What can we learn from each other? Curatorial Lessons from other Museums - Part I
Earlier this month I was invited to Thanksgiving dinner at the home of good friends of mine. At the dinner was a fellow curator, in charge of the Fort Garry Horse Museum and Archives in the Minto Armoury and the Air Force Heritage Museum and Air Park, both in Winnipeg. Inevitably, he and I got to talking about museums. As everyone else migrated from the table to the couches in the living room after dinner, we remained at the table, deep in conversation, bowed over his phone looking at photos of the new interpretive panels at the Fort Garry Horse Museum and the air craft exhibited on pedestals at the Air Force Air Park.
As he flipped through the photos on his phone, one stopped me in my tracks. The photo was a display case of military items loaned from the Fort Garry Horse Museum in an exhibit at the Manitoba Sports Hall of Fame. What drew my attention was not a particular artefact, interesting though they all were, but the mount the artefacts were exhibited on. The very slick-looking mounts, as I found out from my friend, were simply black boxes constructed out of a very simple and uninteresting product: black foam core (a stiff, board-like material that we typically use to make our labels). I learned this simple lesson from my Thanksgiving conversation: Exhibit solutions can be simple and cost-effective while still being creative and looking professional.
I love museums, and I did before I ever considered the possibility of working at one. Of course, now that I do work in the museum field, I look at things in exhibits from a very different perspective. Museums tell stories about who we are as people and point us to times, places, people, and objects in our shared past that have shaped us and our society. When I tour a museum, I always learn something new about how an exhibit is created, shapes a story, and shares it with visitors in a way that resonates.
I started my museum life as the Curator of Contemporary Cultures and Immigration at The Manitoba Museum. In that role, I had the opportunity to travel to New York City and tour immigration museums. Two stops on my trip were the Ellis Island Immigration Museum (https://libertyellisfoundation.org) and the Lower East Side Tenement Museum (https://www.tenement.org). The museum on Ellis Island is housed in the French Renaissance Revival-style main building of the former immigration station complex. The building functioned as the first stop for immigrants arriving in the United States between 1892 and 1954. No doubt the impressive architecture of this heritage building, now restored to its 1918 to 1924 appearance, was meant to instill awe and trepidation into the newly arrived immigrants who waited to be processed before continuing their journeys into the United States.
The Lower East Side Tenement Museum, on the other hand, is located in a vastly less awe-inspiring setting: two buildings that served as tenement apartments and housed over 15,000 working class immigrants from over 20 different countries between 1863 and 2011. The museum interprets the history of immigration to the United States through the apartments it has restored and through the stories of the individual families who actually lived in them.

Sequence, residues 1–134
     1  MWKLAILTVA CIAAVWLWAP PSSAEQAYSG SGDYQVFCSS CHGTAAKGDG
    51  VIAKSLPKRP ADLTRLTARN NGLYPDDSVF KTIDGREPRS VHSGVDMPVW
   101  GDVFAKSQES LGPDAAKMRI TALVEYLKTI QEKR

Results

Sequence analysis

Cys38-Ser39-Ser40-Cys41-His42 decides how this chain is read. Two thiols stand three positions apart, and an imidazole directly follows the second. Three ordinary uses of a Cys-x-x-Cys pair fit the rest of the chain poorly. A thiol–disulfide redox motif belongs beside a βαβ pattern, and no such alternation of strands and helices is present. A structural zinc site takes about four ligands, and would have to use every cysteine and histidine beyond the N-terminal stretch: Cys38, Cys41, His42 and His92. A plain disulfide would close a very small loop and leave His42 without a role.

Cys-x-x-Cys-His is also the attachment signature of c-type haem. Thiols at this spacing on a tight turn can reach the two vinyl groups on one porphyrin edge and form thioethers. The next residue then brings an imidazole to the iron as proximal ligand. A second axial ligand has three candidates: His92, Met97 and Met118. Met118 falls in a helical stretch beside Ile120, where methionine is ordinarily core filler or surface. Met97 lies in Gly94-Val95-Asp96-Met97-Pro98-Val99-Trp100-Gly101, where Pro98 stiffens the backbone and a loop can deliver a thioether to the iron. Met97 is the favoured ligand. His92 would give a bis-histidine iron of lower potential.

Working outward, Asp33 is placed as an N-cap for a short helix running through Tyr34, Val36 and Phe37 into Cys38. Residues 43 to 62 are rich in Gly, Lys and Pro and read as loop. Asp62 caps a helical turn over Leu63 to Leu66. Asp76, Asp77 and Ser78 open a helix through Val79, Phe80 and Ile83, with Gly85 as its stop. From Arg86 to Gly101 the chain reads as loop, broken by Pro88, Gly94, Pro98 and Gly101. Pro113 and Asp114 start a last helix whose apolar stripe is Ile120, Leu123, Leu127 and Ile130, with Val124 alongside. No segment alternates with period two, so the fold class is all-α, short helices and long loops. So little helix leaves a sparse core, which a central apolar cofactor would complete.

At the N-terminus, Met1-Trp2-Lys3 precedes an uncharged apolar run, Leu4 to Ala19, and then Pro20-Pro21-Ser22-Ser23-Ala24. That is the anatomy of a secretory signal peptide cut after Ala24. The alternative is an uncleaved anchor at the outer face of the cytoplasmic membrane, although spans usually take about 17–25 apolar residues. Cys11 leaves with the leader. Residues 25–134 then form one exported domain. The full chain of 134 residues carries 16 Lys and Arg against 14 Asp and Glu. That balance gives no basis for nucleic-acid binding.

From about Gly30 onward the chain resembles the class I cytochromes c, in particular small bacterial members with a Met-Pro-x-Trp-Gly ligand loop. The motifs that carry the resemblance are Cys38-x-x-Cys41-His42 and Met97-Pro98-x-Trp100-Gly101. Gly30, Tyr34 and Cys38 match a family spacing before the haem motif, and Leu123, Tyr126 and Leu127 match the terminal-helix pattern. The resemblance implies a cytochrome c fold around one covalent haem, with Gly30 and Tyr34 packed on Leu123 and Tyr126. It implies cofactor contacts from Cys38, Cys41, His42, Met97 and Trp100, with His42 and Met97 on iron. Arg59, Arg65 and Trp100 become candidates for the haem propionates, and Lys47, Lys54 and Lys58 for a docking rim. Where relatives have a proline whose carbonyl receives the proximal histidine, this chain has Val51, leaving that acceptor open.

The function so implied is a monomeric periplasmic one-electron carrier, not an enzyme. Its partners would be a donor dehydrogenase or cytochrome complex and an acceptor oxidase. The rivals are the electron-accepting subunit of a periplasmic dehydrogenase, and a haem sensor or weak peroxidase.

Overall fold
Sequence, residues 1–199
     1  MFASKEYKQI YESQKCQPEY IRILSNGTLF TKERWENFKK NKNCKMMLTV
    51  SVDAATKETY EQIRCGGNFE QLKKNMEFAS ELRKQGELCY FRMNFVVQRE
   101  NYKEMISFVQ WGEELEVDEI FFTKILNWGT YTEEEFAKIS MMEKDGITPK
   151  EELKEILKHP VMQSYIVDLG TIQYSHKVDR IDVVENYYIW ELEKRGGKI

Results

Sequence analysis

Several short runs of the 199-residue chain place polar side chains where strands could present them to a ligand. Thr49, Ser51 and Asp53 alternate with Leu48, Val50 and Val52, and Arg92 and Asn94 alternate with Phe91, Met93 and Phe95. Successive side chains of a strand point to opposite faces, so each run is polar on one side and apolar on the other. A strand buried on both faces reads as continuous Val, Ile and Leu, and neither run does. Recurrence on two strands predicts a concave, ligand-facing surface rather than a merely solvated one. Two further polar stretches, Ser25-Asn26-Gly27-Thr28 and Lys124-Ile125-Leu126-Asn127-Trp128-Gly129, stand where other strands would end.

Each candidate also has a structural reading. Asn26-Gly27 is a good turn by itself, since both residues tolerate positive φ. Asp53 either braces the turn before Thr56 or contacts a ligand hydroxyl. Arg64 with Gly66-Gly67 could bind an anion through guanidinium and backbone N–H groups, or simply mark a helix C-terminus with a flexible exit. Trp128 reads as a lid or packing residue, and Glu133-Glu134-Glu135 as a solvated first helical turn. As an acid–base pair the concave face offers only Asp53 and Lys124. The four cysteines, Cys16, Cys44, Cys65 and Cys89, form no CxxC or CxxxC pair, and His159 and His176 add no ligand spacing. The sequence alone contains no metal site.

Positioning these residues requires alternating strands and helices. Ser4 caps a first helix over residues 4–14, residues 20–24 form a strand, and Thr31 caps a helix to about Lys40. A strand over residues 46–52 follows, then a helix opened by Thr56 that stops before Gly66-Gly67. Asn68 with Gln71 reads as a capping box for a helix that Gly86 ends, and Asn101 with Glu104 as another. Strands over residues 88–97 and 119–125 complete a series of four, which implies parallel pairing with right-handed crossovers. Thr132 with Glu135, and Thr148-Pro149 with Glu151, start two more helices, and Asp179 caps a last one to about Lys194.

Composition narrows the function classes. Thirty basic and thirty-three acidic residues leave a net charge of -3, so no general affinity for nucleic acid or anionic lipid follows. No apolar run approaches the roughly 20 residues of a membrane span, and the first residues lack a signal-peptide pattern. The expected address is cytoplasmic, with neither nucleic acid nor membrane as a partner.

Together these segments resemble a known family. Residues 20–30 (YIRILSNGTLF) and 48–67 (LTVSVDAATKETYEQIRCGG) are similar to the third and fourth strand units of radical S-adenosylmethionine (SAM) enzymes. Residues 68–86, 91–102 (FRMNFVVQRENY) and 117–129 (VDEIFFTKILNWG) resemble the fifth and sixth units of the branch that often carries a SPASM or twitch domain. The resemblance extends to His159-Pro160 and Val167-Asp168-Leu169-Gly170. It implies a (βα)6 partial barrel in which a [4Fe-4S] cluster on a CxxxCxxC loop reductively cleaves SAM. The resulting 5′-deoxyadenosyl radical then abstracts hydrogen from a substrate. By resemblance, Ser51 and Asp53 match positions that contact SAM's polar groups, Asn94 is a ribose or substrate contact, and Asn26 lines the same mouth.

When I visited the Tenement Museum in 2012, I took the “Sweatshop Workers” tour through two apartments belonging to two specific families: the Levine family’s garment workshop, housed in the cramped quarters of the three-room apartment in which they also lived; and the Rogarshevskys, whose apartment was restored to what it would have looked like on the evening of a Sabbath celebration at the turn of the twentieth century. The tour guide showed us census records and photos of the families, and used their stories and the surroundings in the restored apartments to teach us about big ideas like religion and ethnicity, the building codes that governed tenements throughout the century, and the working lives of immigrants trying to make ends meet in New York City’s Lower East Side.
The stories and lessons I learned from this very specific telling of the much broader sweep of immigration history have stayed with me much longer and made a much deeper impact than the grandness and generalities of immigration history that I took in at the Ellis Island Immigration Museum. I learned so many things about how a museum does its job well from my visit to the Tenement Museum, and now six years later that visit continues to challenge and inspire me. Two of the main lessons I learned? First, we learn better when big ideas are shared through the lens of story. And second, when you tell a story, be specific. The histories of real people - their lives, the world they lived in, and the choices they made – have the ability to resonate with museum visitors in profound ways.
Next week, I’ll bring my tour of curatorial lessons I’ve learned from other museums closer to home, with stops in Winnipeg and Riverton, Manitoba.
Calendar of Events
*MHV Off-Season Hours: Tuesday-Saturday, 9:00 AM-5:00 PM*
November 4, Vespers Service – 7:00 PM
November 10, Christmas Market – 10:00 AM-4:00 PM
November 23, The Klassens, Paraguayan harp concert and coffee - 7:00 PM
Photo caption: Visiting New York City’s Lower East Side Tenement Museum in 2012. The building in the middle is 97 Orchard Street, one of the two former tenements in which the museum is housed.